That response kind of resonated with me as a father, and role model for my son. I want to lead by example.
That brings me back to the title of this blog, never forget where you came from. These guys are NFL superstars, yet each has done his part to help out their communities by being proactive in them. They could be off on a boat, blowing their salary, yet they choose to use it for the betterment of their hometowns and the people in it. There are plenty of average people who do this on a local, national, and global level as well.
The actor Jeff Bridges is also a national spokesperson for No Kid Hungry, which helps provide school and after school meals to children in more poverty stricken areas. This really got me to thinking. If I were to start a non-profit organization, what would it be? Now whatever you choose to do, it doesn’t have to be a nonprofit, or it doesn’t have to include endorsement or large sums of money. It can be cleaning up a highway, donating old clothes to a homeless shelter, or working in soup kitchen. It’s up to you what you do. I would like to ask that anyone who reads my ramblings just do something. Think about what social plight you are passionate about and just do it.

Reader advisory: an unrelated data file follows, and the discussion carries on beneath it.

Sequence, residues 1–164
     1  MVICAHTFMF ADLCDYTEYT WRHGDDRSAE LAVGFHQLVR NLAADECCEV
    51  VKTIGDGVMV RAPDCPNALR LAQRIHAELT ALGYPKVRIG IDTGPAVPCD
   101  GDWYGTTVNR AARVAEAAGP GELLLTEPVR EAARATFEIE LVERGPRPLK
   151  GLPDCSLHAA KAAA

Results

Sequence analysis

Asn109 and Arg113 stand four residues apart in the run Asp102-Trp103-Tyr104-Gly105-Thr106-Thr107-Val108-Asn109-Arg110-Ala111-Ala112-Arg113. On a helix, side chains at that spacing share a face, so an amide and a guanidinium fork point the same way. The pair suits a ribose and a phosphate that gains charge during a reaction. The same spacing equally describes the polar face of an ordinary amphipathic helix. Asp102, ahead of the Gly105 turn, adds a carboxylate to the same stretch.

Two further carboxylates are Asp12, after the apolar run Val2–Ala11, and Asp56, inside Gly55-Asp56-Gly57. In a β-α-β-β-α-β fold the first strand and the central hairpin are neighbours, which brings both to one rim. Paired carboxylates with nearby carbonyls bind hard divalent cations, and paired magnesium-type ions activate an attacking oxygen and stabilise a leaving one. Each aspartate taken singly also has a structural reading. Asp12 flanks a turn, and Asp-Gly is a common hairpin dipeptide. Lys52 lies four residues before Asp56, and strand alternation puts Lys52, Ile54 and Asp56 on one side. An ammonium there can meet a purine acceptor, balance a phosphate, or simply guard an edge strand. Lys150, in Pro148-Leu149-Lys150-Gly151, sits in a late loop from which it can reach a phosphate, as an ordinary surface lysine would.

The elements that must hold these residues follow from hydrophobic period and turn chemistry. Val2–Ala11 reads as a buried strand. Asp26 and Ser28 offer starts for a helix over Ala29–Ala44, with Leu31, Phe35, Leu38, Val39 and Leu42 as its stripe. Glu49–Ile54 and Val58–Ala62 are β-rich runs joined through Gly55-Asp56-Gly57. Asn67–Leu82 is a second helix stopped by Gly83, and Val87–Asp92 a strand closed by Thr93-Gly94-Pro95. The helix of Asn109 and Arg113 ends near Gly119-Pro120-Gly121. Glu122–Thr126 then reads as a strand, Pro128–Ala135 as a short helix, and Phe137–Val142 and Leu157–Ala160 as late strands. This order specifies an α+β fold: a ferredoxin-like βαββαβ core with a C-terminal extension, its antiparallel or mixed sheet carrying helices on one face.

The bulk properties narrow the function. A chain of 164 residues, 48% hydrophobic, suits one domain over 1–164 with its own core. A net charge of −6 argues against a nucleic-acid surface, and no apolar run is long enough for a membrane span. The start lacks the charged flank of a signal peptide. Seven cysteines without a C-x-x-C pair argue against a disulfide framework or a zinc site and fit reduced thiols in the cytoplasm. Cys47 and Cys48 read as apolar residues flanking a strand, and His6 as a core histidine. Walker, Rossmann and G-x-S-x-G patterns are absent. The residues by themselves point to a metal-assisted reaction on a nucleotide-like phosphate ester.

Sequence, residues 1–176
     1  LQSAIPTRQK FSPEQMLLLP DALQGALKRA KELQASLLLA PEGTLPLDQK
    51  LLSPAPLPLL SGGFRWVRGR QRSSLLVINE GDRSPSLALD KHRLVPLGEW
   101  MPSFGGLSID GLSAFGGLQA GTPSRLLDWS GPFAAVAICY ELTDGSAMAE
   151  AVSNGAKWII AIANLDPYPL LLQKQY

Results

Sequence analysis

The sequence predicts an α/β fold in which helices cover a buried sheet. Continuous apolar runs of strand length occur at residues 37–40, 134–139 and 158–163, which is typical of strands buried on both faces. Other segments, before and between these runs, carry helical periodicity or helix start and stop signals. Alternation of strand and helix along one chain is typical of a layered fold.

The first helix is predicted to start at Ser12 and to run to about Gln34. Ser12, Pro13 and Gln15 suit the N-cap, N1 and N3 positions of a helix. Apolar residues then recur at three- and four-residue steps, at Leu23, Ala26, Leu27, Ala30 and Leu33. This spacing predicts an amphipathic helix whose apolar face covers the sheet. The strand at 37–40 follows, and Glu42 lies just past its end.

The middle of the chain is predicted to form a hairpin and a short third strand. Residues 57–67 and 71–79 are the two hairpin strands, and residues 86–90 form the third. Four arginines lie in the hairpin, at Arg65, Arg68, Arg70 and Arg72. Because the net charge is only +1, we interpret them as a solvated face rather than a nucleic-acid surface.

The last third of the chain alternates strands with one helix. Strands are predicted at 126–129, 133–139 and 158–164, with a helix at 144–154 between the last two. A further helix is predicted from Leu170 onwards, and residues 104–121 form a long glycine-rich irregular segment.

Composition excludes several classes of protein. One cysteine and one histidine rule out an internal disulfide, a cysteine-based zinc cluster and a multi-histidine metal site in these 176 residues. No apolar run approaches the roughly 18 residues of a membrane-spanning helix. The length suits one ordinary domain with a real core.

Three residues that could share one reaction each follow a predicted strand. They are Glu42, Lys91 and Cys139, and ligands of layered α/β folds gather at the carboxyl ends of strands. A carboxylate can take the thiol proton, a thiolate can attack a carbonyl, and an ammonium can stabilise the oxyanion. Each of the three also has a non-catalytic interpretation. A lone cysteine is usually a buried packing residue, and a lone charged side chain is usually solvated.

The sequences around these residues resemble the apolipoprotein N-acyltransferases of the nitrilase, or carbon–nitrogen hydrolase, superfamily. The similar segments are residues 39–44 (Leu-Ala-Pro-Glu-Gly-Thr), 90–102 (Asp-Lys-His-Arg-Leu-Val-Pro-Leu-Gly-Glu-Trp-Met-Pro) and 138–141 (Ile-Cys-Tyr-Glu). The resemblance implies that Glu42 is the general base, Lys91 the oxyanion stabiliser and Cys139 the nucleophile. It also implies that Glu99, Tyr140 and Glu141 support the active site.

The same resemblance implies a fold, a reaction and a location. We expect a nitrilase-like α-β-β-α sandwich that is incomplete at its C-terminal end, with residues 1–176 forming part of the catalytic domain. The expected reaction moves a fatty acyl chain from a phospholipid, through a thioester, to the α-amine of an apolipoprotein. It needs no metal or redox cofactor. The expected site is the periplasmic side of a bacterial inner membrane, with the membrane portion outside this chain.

Look at MLK for example, he visited prisons, he tried to help the less fortunate and misguided that he met, among other things. He didn’t want his living to be in vain, and neither do I. I think at one point or another in our lives, we have all been downtrodden by some kind of burden, so why shouldn’t we help others who are in the same position?
There are many things I am passionate about. Homelessness, education, social justice, and suicide prevention, just to name a few. I do what I can, and want to better my community, I’m just not sure how yet. But when I figure it all out, by God, I’m going to take off running with it. It may not be today or tomorrow, but one day soon. In the meantime, I suggest looking up local humanist groups and other charities that you might like to volunteer for.